Appeal from the District Court of Park County. The Honorable Steven R. Cranfill, Judge.
For Appellant: Thomas P. Keegan of Keegan & Winslow, P.C., Cody, Wyoming.
For Appellee: John P. Worrall of Worrall and Greear, P.C., Worland, Wyoming.
Before BURKE, C.J., and HILL, KITE, DAVIS, and FOX, JJ.
[¶1] Sherri Lynn Loran (Mother) appeals the district court's denial of her motion for relief from an order on child custody, visitation and support. The order awarded her primary custody, but granted Justin Loran (Father) liberal visitation and allowed him to pay joint presumptive support pursuant to Wyo. Stat. Ann. § 20-2-304(c). Mother claims that the visitation awarded to Father is a de facto shared custody arrangement, and that the district court did not make the findings necessary to support such an arrangement or an award of joint support.
[¶2] We affirm in part, reverse in part, and remand for further proceedings.
[¶3] 1. Did the district court abuse its discretion when it refused to set aside provisions of an order that expressly found shared custody inappropriate but nonetheless awarded Father liberal visitation resulting in the minor children spending 41.6% of the year with him in 2014?
2. Did the district court abuse its discretion when it awarded joint presumptive child support without determining that both parents contribute substantially to the expenses of the children as required by Wyo. Stat. Ann. § 20-2-304(c)?
3. Does the order awarding Father visitation contain a clerical mistake that the district court should have corrected if it had acted within the proper scope of its discretion?
[¶4] The parties married in 2002, but after a decade in which they had four children together, Mother filed for divorce in 2012. The district court held a divorce trial in October 2013, and promptly entered a divorce decree which dissolved the bonds of matrimony but reserved the issues of child custody, support, visitation, and division of marital property until a written decision could be entered.
[¶5] In December 2013, the district court issued a decision letter which resolved all but one of the reserved issues, and shortly thereafter entered an order incorporating and implementing the rulings contained in the decision letter. After a thorough review of the evidence and application of relevant factors, it awarded primary custody to Mother and rejected Father's request for shared custody, explaining that:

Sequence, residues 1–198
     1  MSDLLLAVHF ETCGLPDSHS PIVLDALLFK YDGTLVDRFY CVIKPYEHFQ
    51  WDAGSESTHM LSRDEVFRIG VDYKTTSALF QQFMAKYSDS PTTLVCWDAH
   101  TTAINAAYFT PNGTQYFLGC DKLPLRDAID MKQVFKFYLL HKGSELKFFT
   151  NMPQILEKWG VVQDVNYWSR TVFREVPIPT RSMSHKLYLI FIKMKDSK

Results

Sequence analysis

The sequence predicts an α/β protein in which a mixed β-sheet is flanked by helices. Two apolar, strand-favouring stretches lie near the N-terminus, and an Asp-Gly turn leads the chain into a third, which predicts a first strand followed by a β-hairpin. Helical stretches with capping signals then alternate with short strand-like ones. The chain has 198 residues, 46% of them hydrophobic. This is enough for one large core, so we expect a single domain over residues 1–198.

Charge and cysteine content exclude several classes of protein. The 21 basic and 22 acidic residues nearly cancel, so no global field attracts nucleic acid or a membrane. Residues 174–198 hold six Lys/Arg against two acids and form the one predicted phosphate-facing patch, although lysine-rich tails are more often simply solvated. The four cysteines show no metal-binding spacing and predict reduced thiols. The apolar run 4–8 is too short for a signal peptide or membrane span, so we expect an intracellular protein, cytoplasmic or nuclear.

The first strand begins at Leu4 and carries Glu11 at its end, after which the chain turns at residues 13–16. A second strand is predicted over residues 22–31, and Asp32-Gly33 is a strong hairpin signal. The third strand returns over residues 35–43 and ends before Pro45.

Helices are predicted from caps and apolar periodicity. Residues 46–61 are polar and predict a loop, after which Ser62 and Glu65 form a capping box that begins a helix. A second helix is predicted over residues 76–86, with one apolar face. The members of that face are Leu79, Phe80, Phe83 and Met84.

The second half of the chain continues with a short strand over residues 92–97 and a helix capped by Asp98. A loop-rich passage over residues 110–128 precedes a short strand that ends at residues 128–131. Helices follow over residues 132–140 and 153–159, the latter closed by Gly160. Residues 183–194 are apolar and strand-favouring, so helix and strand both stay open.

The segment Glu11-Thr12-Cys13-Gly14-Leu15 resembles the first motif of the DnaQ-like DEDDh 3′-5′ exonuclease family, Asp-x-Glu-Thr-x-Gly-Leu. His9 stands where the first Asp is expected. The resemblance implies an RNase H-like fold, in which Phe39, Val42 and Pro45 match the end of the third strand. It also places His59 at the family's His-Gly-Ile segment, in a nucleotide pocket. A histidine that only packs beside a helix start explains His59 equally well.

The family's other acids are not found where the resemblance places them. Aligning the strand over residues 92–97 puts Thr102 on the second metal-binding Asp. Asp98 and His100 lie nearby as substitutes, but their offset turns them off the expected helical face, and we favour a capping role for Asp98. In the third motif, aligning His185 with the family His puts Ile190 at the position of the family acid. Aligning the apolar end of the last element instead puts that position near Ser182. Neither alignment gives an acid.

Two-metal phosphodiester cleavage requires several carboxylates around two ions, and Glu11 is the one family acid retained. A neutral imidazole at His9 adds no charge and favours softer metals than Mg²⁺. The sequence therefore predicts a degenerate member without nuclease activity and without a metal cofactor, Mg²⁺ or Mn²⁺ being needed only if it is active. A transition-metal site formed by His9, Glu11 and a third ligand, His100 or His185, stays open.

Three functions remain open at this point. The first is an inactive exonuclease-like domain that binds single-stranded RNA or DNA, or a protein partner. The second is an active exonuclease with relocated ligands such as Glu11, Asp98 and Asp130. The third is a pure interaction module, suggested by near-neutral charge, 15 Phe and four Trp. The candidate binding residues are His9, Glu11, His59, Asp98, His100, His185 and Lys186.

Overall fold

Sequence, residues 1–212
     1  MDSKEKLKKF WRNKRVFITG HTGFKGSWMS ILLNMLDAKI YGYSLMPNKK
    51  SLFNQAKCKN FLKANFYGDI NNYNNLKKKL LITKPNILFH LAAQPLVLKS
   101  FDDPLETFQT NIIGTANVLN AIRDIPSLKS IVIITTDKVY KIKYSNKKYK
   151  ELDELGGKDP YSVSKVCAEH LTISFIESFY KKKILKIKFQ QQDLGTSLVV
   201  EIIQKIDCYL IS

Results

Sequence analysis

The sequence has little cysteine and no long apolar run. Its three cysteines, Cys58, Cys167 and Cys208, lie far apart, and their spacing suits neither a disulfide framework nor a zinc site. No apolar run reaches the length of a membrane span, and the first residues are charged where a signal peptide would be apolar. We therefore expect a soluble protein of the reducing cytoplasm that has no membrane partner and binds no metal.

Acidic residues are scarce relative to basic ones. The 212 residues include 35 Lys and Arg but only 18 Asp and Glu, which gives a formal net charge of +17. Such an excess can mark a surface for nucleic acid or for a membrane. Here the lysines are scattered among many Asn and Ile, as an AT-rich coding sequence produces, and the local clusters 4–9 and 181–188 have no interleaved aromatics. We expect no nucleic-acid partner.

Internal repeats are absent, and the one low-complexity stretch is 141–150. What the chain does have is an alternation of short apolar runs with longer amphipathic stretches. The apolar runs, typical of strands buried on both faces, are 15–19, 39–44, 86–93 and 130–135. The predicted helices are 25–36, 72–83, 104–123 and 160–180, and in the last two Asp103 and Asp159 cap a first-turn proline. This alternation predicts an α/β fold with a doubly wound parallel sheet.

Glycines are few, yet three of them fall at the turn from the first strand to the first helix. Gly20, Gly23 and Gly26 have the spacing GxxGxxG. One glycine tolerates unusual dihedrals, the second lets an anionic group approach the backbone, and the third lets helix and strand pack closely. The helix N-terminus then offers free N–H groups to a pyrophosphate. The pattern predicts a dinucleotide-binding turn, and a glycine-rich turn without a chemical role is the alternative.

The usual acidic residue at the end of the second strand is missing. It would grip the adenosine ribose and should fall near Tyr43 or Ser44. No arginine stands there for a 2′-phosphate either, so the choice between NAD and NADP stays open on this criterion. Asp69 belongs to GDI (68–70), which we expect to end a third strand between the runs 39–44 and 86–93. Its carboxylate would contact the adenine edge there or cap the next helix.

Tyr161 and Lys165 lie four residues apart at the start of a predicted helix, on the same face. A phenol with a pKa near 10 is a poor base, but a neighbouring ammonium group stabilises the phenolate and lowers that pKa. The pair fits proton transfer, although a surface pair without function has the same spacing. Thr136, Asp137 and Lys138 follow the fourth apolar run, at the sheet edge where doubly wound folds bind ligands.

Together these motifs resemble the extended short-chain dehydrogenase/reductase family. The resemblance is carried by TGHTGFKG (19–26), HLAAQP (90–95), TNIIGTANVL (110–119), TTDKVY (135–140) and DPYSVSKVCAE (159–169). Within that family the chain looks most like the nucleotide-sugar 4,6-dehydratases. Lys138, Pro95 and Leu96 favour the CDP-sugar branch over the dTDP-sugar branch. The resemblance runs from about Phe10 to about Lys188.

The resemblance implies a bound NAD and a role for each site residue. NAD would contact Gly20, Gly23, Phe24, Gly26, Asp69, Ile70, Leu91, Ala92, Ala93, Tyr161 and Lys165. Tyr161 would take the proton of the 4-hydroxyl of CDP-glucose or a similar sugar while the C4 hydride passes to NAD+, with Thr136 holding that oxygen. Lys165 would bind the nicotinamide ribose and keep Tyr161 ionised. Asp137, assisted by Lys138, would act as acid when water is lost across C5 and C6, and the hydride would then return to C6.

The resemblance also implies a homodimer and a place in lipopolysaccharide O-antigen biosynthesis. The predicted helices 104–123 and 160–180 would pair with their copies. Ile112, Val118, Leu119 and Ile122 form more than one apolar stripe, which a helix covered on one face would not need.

The Court finds that shared custody is not an effective solution for this case. The lack of effective communication between the parties, as well as other factors, strongly weigh against it. The Court finds that [Mother] should have primary custody with reasonable visitation by the [Father].
[¶6] Father was awarded liberal visitation, which allowed the children to stay with him all but the last weekend of each month, on every Wednesday night, during defined time periods on specific alternating holidays, and two weeks of uninterrupted summer vacation.
[¶7] The court indicated in its decision letter that it was unable to calculate child support because Father had not submitted an updated financial affidavit as he had been ordered to do, and it directed him to file that affidavit so that the calculation could be made and another order awarding child support could be entered. When Father's counsel tallied the visitation up for purposes of making a support calculation, he determined that Father would have parenting time of 152 out of 365 days in 2014. By his calculation, this would be 41.6% of the year.
[¶8] Consequently, Father's counsel wrote a letter to the district court explaining that his client would qualify to pay joint presumptive support pursuant to Wyo. Stat. Ann. § 20-2-304(c). Father would pay less support if he was entitled to joint presumptive support than if he was not and instead had to pay support based on the regular child support tables.
[¶9] In January of 2014, Mother filed a motion seeking relief from the order awarding visitation under Wyoming Rules of Civil Procedure 60(a) and (b)(1). She argued that there must have been a mistake, clerical or otherwise, because the court made it very clear in its order that shared custody was not appropriate, but nonetheless awarded Father visitation of more than 40% in 2014. Mother ...